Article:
o   They may mirror write words, like ‘’ for Susan.
o   They will often start math problems on the wrong side, want to carry a number the wrong way, or read or write 17 for 71.
• Up–down confusion:
o   Some children with dyslexia are also up-down confused. For example, they confuse b–p or d–q, n–u, m–w, t–f.
• Confusion about directionality words:
o   First–last, before–after, next–previous, over–under
o   Yesterday–tomorrow (directionality in time)
• North, south, east, and west confusion:
o   Adults with dyslexia get lost a lot when driving around, even in cities where they’ve lived for many years
o   Often have difficulty reading or understanding maps.

Directional confusion also explains many of the difficulties some children with dyslexia have in learning to tie their shoelaces. Most children can tie their shoelaces at the age of five. Over 90 percent of children with dyslexia are later than average in acquiring this skill, and without intervention, around half do not pick this up until the age of ten or later, and even then, they are not 100 percent successful.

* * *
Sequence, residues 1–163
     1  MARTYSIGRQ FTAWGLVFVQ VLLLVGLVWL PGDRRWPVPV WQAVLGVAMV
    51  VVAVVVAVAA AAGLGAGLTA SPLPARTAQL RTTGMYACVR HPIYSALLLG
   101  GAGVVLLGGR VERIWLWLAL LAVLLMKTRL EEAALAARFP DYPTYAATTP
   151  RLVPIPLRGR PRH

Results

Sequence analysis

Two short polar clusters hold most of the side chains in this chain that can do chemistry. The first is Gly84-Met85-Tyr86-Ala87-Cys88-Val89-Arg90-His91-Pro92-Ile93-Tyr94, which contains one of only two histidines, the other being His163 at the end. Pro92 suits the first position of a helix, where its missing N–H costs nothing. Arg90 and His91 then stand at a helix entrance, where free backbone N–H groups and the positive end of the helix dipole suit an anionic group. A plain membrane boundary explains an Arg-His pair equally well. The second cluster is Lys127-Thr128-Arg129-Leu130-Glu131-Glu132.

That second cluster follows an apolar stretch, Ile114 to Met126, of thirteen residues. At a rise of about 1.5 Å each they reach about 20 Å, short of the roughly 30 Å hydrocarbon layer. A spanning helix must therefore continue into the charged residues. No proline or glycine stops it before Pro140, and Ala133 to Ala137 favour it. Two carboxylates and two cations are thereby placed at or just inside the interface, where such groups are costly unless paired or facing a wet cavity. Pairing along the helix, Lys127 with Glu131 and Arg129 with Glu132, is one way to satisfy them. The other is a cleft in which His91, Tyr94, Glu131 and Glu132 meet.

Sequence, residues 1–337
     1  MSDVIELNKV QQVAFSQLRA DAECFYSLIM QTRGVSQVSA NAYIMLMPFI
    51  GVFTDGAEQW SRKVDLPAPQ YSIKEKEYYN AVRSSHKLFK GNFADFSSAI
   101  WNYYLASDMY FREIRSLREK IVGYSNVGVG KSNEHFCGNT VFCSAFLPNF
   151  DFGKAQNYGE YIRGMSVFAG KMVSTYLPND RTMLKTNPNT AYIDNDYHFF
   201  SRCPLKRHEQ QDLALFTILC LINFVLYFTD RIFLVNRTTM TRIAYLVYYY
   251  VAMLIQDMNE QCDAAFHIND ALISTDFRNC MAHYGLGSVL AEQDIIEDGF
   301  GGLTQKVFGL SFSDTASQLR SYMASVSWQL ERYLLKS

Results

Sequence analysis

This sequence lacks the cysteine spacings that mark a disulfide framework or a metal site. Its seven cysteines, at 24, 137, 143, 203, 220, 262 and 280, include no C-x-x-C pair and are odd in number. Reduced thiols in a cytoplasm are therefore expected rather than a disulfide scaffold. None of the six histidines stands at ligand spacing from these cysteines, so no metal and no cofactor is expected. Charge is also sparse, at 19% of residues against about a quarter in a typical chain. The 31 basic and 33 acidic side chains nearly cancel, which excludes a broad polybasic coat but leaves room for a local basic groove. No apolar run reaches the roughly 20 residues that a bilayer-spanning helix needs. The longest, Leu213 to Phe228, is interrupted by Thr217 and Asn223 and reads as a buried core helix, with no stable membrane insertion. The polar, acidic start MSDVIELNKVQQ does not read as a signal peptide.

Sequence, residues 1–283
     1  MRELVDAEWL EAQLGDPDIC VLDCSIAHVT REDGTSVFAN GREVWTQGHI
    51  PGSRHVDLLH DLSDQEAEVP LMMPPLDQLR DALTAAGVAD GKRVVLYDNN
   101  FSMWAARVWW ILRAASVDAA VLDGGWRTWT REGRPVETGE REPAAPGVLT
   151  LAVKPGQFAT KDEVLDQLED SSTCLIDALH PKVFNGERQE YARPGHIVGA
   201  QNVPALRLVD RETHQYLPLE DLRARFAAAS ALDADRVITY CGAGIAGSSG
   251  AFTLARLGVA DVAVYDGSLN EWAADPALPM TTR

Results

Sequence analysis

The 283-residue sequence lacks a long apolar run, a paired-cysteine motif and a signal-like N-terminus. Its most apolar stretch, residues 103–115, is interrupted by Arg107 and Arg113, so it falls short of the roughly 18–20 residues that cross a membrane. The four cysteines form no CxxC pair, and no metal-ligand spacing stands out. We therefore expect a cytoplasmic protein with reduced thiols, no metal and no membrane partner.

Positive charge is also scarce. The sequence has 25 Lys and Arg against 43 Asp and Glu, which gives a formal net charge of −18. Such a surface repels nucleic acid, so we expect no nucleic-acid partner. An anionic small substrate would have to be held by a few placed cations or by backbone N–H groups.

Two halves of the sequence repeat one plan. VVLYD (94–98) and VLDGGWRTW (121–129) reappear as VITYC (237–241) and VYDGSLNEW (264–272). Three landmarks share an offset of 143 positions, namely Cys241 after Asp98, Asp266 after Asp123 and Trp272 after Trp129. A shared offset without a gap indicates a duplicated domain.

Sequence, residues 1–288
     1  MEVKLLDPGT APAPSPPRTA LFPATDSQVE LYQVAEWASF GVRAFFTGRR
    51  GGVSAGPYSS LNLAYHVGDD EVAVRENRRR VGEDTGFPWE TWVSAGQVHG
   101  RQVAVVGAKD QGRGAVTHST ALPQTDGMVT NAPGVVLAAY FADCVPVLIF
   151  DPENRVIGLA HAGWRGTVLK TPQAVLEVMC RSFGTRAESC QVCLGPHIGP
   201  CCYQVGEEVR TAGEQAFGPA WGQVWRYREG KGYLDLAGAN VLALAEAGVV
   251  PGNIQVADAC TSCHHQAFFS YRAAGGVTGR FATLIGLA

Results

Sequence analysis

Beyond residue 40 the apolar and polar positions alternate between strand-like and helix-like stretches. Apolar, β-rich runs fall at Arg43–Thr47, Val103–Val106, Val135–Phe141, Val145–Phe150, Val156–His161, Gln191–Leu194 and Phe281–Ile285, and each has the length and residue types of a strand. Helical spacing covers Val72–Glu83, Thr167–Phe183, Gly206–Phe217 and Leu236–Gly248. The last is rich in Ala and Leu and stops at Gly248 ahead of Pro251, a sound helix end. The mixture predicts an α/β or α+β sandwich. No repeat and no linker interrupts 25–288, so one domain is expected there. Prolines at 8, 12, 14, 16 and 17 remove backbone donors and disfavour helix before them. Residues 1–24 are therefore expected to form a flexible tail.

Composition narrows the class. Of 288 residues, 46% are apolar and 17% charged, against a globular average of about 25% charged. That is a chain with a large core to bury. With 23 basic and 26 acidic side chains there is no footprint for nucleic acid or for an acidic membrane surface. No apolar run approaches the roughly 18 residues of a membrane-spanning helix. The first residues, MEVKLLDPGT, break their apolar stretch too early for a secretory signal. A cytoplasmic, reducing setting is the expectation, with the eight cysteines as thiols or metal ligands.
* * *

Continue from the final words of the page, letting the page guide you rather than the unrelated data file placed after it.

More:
Overcome the problem by addressing the cause

The inability to discriminate between a ‘b’ and a ‘d’ is usually caused by a visual perceptual problem, specifically a problem with processing position in space.

Before one can read or learn anything, one has to become aware of it through one of the senses. Usually, one has to hear or see it. In other words, perception must take place. Subsequently, one has to interpret whatever one has seen or heard. In essence, then, perception means interpretation.

Of course, a lack of experience may cause a person to misinterpret what he has seen or heard. In other words, perception represents our apprehension of a present situation in terms of our past experiences, or, as stated by the philosopher Immanuel Kant (1724-1804): “We see things not as they are but as we are.”

The following situation will illustrate how perception correlates with previous experience:


Suppose a person parked their car and walked away from it while continuing to look back at it. As they went further away from their car, it would appear to them as if their car was gradually getting smaller and smaller. In such a situation, however, none of us would gasp in horror and cry, “My car is shrinking!”